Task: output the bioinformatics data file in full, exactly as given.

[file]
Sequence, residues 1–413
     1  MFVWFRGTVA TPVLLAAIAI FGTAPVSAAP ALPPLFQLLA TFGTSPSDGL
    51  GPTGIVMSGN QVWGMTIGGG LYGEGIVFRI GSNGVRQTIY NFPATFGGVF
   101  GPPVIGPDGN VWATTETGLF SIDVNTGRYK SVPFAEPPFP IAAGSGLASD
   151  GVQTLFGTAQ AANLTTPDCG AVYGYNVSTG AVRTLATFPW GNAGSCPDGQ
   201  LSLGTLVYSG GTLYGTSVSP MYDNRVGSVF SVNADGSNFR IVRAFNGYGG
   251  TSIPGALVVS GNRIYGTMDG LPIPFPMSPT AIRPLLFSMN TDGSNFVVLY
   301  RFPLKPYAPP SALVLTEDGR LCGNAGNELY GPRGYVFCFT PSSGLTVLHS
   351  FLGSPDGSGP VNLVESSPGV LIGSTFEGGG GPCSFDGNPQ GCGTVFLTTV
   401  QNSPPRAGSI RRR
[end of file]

Sequence, residues 1–413
     1  MFVWFRGTVA TPVLLAAIAI FGTAPVSAAP ALPPLFQLLA TFGTSPSDGL
    51  GPTGIVMSGN QVWGMTIGGG LYGEGIVFRI GSNGVRQTIY NFPATFGGVF
   101  GPPVIGPDGN VWATTETGLF SIDVNTGRYK SVPFAEPPFP IAAGSGLASD
   151  GVQTLFGTAQ AANLTTPDCG AVYGYNVSTG AVRTLATFPW GNAGSCPDGQ
   201  LSLGTLVYSG GTLYGTSVSP MYDNRVGSVF SVNADGSNFR IVRAFNGYGG
   251  TSIPGALVVS GNRIYGTMDG LPIPFPMSPT AIRPLLFSMN TDGSNFVVLY
   301  RFPLKPYAPP SALVLTEDGR LCGNAGNELY GPRGYVFCFT PSSGLTVLHS
   351  FLGSPDGSGP VNLVESSPGV LIGSTFEGGG GPCSFDGNPQ GCGTVFLTTV
   401  QNSPPRAGSI RRR